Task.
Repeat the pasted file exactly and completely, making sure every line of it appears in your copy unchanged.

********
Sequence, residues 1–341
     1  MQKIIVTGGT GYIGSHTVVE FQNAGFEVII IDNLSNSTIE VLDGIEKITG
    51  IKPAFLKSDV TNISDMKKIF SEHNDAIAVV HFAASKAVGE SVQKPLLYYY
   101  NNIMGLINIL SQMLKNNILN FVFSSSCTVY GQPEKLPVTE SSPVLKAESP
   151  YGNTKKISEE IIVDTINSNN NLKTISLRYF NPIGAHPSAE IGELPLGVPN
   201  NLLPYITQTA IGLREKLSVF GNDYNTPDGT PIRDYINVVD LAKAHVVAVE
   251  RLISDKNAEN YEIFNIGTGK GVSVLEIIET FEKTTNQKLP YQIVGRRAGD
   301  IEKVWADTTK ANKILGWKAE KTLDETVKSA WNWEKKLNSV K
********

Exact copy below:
Sequence, residues 1–341
     1  MQKIIVTGGT GYIGSHTVVE FQNAGFEVII IDNLSNSTIE VLDGIEKITG
    51  IKPAFLKSDV TNISDMKKIF SEHNDAIAVV HFAASKAVGE SVQKPLLYYY
   101  NNIMGLINIL SQMLKNNILN FVFSSSCTVY GQPEKLPVTE SSPVLKAESP
   151  YGNTKKISEE IIVDTINSNN NLKTISLRYF NPIGAHPSAE IGELPLGVPN
   201  NLLPYITQTA IGLREKLSVF GNDYNTPDGT PIRDYINVVD LAKAHVVAVE
   251  RLISDKNAEN YEIFNIGTGK GVSVLEIIET FEKTTNQKLP YQIVGRRAGD
   301  IEKVWADTTK ANKILGWKAE KTLDETVKSA WNWEKKLNSV K